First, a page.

3-2-1

 

3  Thoughts about Digital Facilitation

  • Encouraging constructive controversy (i.e. healthy conflict) is difficult and requires a strong foundation of trust. A work agreement like a team charter can be a great starting place, but it isn’t enough; trust needs to be continuously fostered and reinforced.
  • Asking open-ended questions is more likely to drive deep, personally meaningful learning than asking closed questions or offering answers, so ask open-ended questions often and see where they lead.
  • You are unlikely to meet the expectations and needs of all your learners. The best you can do as a facilitator is clearly communicate the structure of the course, outline the learning objectives, include a variety of activity types, encourage active engagement with the material, and be there to support and reinforce.

2  Questions about Digital Facilitation

  • How do you know which technology is most appropriate to use? There are so many options that people seem to default to what they know how to use or what the program/class is already using (e.g. Moodle, Collaborate, Mattermost in our case).
  • Can Socratic pedagogy be more regularly and effectively applied outside of philosophy? If so, do we need to rethink our approach to learning objectives or the measurement of their acquisition?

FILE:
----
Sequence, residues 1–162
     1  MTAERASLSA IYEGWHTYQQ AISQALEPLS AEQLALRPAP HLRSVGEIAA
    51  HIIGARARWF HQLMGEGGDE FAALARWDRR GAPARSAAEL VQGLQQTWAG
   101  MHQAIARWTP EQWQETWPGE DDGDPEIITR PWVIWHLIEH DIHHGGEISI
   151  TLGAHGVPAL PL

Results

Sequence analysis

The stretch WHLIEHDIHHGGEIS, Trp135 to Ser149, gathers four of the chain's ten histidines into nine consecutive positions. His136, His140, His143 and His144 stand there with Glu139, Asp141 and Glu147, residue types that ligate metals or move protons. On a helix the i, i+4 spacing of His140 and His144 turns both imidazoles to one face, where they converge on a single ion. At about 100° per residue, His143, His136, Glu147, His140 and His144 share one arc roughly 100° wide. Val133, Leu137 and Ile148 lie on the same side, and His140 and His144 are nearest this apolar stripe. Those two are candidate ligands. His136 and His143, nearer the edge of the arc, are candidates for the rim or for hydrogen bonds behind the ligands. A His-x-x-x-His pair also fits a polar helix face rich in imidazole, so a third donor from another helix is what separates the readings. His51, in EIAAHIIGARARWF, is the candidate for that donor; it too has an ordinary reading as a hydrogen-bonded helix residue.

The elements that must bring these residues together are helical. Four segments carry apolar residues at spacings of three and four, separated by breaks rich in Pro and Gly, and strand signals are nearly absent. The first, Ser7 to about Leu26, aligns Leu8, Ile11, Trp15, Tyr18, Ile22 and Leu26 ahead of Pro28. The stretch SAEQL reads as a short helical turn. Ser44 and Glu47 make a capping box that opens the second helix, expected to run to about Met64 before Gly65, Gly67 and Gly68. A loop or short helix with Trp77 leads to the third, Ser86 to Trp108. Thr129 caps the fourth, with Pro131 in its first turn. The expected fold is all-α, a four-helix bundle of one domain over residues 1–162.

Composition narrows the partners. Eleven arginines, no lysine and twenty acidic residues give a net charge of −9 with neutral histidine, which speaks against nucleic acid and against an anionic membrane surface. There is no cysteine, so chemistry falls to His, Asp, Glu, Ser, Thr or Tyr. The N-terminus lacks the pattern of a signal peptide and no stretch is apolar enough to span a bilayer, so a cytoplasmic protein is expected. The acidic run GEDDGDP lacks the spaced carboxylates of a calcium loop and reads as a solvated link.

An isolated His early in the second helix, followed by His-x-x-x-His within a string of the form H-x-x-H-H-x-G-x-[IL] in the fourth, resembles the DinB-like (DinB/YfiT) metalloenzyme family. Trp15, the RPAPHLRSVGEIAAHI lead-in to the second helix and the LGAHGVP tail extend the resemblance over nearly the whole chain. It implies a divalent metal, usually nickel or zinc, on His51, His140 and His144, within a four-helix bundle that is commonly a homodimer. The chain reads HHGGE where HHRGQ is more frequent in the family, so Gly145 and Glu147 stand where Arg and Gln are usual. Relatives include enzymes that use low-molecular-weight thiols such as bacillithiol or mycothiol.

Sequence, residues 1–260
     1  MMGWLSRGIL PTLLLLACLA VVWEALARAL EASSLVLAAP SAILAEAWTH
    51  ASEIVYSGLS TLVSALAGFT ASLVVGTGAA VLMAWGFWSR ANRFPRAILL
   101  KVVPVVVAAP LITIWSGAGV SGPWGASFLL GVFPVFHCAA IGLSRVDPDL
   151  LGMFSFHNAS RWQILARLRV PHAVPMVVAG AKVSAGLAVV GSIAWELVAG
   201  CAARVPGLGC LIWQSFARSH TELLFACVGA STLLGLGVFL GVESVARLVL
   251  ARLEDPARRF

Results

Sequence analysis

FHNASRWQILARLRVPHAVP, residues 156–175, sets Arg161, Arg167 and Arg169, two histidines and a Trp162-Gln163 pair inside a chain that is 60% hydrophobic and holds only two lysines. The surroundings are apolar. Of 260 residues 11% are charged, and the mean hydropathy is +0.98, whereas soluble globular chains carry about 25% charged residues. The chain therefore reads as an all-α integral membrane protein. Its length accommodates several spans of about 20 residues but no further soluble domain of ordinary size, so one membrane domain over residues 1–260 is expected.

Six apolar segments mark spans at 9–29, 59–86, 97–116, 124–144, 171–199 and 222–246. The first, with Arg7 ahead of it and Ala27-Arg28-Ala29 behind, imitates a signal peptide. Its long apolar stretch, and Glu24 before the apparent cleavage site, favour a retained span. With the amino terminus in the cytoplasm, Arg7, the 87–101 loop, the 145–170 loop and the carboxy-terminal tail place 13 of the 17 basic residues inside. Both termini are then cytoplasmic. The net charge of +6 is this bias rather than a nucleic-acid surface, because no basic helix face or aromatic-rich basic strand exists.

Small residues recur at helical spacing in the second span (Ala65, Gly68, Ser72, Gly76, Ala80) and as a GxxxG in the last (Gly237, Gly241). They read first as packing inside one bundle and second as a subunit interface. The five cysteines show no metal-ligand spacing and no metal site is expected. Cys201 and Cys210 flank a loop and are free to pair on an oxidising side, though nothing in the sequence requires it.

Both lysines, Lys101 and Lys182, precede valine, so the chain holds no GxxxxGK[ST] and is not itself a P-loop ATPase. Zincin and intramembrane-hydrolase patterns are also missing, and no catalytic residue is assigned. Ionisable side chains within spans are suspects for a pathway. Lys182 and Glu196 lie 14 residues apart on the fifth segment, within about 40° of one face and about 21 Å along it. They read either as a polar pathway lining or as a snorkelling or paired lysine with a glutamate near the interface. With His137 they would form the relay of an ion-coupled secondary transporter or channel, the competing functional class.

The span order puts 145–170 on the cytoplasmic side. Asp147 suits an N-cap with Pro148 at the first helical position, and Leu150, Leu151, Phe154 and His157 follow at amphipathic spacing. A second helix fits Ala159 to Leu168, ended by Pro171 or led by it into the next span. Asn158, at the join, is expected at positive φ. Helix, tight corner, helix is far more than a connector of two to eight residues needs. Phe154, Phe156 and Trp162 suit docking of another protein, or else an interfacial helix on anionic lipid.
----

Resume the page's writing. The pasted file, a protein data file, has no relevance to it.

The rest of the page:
1  Metaphor about Digital Facilitation

In a Community of Inquiry, learning is exploration. Open-ended questions and constructive controversy may feel like a detour from the learning path you so carefully laid as the facilitator, but the scenery will be finer and the experience more memorable than you could have mapped. As the eminently quotable Anaïs Nin famously said, ““In chaos, there is fertility.”

 

Infographic – Community of Inquiry

Our leadership training participants come from all over North America and from a variety of industries. They are looking for an educational experience that is stimulating and personally meaningful, and they would be well-served by a true Community of Inquiry.

A Community of Inquiry, or CoI, is “a group of individuals who collaboratively engage in critical discourse and reflection to construct personal meaning and confirm mutual understanding” (Athabasca University, 2020*). In order to support the CoI, three presences must be well-developed in the learning environment: social presence, cognitive presence, and teaching presence (Garrison, D. R., Anderson, T., & Archer, W. (1999*). There are many way to develop and maintain these presences in a CoI community and I have chosen five to discuss under each category in my infographic. I think all of them are well-suited to my context.

I would love to hear your thoughts on my infographic, including the tactics I have chosen. Thanks!

*References can be found in the infographic.

Community of Inquiry (CoI) Infographic

 

 

The Use of Questions in Facilitation